Biodegradable polymer for geotextile applications

Using biodegradable polyesters to replace polypropylene in erosion control and revegetation mats

Geotextiles are applied on exposed surfaces, such as slopes or areas, where wind and heavy rain fall can wash away the fertile floor or remove the protective plant cover. Usually these geotextiles are made of synthetic polymers, such as polypropylene or polyester, which are produced from crude oil and are not environmental friendly. Furthermore, fragmentation of these materials leads to the production of micro plastics, which accumulate in the environment. Additionally, full revegetation can be hampered by the geotextile, because the plants entangle in the meshes of the mat and further plant growth is restricted at a certain level.

Photo: Application of Greenax® erosion control mat. (copyright Geobrugg)

For this reason, the aim of this project is the development of biodegradable geotextiles, which are stable for the first planting phase, where the seeding and rooting takes place. Afterward, the material slowly degrades into environmentally safe components and the newly established plant blanket can take over the erosion protection. Also the recollection of the geotextile becomes redundant. The geotextile must be stable for at least two years, in order to guarantee the formation of a homogenous plant cover.

In the project, polypropylene fibers, which are used in the existing erosion control mat Greenax®, are replaced by biopolymer fibers, made from commercially available materials, such as PLA, PBS and PBAT. A Melt-spinning process was developed for producing the biopolymer fibers and the fibers were tested in detail, in order to fulfill the requirements regarding stability and mechanical properties. Mechanical testing was conducted by tensile testing and the results were compared to the synthetic materials currently in use. Also short-term stability was tested by artificial weathering. Very promising results were obtained by different melt-spun blend fibers and demonstrators were pressed into 3-dimensional test shapes, which are currently exposed to outdoor weathering

Impact and effects

The achieved project results show the good progress and the development is ready for upscaling tests. There is a high demand for biodegradable geotextiles on the market and it is an important issue for Geobrugg to offer more sustainable and environmentally friendly products to their customers. The positive results obtained by material testing and the successfully produced prototypes will be the base for the final product development, where an adaption of the production method is a further challenge.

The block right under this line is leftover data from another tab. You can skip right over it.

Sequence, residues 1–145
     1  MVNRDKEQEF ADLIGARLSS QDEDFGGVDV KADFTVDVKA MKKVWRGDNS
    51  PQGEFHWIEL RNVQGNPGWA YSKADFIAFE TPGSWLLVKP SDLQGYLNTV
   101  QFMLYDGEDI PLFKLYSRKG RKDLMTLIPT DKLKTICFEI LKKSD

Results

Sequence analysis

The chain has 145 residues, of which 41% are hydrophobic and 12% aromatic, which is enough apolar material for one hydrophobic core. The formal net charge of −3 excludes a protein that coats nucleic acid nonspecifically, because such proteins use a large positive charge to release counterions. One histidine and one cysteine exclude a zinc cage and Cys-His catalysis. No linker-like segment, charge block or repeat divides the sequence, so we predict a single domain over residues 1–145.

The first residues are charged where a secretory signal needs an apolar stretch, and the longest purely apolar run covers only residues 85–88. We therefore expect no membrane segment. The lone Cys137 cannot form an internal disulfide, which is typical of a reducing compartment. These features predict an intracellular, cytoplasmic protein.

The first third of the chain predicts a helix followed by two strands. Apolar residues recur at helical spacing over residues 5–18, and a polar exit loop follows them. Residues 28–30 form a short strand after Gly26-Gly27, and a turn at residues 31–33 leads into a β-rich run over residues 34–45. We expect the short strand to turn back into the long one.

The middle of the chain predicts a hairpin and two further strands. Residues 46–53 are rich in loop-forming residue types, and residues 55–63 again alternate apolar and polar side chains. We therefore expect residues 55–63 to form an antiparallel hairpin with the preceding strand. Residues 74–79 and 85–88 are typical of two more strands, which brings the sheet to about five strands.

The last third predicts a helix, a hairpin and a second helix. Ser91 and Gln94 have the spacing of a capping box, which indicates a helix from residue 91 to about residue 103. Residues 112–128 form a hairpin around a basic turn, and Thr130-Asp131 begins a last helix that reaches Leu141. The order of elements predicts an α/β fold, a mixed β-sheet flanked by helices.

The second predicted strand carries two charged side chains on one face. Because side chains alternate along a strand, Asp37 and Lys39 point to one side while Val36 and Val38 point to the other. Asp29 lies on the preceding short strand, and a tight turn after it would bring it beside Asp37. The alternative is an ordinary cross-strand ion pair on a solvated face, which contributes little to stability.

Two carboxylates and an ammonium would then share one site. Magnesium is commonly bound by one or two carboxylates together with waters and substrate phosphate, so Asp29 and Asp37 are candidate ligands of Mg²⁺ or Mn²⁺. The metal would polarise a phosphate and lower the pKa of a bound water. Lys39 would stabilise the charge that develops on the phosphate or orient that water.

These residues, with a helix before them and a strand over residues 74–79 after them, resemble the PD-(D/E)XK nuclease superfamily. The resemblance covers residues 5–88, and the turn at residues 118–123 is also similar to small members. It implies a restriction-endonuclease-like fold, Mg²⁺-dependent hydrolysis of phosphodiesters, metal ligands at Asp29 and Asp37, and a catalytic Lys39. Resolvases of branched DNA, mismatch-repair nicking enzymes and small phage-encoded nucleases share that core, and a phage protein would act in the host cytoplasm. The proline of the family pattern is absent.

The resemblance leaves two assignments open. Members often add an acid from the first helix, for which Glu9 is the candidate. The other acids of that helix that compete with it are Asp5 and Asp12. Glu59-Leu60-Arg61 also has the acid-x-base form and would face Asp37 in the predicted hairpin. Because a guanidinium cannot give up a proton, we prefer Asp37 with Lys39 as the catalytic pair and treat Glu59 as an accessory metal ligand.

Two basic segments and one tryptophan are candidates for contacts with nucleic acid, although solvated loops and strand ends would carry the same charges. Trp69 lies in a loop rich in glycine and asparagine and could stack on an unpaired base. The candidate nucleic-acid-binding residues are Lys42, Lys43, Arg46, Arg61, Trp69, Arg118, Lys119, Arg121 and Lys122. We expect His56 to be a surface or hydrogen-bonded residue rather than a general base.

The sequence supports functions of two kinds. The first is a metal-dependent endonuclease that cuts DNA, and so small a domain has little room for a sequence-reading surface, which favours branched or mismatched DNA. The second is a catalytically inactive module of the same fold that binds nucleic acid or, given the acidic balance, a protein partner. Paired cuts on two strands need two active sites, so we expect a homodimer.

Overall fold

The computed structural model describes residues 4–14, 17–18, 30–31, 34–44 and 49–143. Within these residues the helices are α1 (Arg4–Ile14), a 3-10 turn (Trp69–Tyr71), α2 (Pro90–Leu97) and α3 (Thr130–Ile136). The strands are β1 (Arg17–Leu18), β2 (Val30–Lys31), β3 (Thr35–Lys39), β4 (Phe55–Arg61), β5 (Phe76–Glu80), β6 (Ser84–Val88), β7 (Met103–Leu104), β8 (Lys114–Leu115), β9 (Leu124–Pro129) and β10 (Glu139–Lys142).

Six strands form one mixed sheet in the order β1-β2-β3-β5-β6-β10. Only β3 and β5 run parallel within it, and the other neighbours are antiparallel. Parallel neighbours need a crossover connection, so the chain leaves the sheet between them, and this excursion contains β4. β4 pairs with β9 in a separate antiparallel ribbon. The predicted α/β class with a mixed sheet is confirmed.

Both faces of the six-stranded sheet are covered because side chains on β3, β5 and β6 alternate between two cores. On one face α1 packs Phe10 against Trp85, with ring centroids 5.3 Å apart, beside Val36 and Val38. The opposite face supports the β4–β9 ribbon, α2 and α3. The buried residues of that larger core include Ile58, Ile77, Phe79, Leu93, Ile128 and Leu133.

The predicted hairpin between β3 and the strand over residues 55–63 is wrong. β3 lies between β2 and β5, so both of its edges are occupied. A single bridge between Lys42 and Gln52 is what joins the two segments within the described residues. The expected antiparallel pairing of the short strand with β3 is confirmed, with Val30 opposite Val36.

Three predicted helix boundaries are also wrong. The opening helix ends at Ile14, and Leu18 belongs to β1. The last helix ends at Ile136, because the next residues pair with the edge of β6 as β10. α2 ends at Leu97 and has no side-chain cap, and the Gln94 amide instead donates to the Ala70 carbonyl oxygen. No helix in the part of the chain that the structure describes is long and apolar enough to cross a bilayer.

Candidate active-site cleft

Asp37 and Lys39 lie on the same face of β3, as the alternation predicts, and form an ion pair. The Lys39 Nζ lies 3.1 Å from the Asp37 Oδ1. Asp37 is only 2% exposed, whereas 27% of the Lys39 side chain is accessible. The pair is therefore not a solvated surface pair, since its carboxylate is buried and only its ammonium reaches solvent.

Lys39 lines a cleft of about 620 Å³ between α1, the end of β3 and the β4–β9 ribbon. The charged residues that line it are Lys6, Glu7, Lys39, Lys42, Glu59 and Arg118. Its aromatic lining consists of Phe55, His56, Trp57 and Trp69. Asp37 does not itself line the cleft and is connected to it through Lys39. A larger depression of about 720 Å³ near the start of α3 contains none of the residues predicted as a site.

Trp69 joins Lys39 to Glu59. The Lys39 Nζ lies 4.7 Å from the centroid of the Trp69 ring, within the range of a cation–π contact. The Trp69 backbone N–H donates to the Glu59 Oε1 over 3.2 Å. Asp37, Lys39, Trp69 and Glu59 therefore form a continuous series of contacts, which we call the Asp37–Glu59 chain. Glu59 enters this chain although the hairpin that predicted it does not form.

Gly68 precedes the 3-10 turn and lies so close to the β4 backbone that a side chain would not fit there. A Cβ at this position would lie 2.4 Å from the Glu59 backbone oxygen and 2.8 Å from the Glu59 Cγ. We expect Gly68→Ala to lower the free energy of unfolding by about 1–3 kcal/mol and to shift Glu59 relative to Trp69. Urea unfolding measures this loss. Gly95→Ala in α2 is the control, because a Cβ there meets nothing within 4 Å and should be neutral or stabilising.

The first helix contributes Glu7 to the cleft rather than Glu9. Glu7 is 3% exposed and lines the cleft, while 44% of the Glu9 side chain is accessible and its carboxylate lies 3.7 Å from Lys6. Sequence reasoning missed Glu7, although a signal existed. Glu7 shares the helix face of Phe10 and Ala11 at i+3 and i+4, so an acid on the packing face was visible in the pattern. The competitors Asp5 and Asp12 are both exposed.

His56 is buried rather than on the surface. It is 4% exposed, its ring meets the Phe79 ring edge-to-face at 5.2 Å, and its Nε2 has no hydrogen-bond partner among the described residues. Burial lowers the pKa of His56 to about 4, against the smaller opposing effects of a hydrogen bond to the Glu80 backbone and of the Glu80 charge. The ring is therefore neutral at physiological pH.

Photo: Application of Greenax® erosion control mat. (copyright Geobrugg)

By using biodegradable polymers for geotextiles, the field of application for such materials is greatly extended. This contributes to a more sustainable future, on the one hand, by avoiding the use of petro-based polymers and on the other hand, by preventing the formation of dangerous micro plastics in the environment.

After the successful material tests, the product idea was protected by an European patent and several publications were written about the topic, which increase the impact of the development in the scientific and industrial area. For this purpose, a scientific review paper about biodegradable geotextiles in general was written in the course of the literature research. Additionally, conference papers and talks are in progress to further spread the results of the development.

Multifirm project 1-020 Textile reinforced lightweight composites and hybrids

Project Partners:

Project coordination (Story)

Transfercenter für Kunststofftechnik GmbH

Dr. Martina Prambauer

T +43 (0) 7242 2008 1034

The COMET-Project TCCV Project no. 860474 is funded within the context of COMET – Competence Centers for Excellent Technologies by the Austrian Ministry for Transport, Innovation and Technology (BMVIT), the Federal Ministry for Digital and Economic Affairs (BMWFW), and the federal states of  Vienna, Tyrol and Vorarlberg. The programme is conducted by the Austrian Research Promotion Agency (FFG).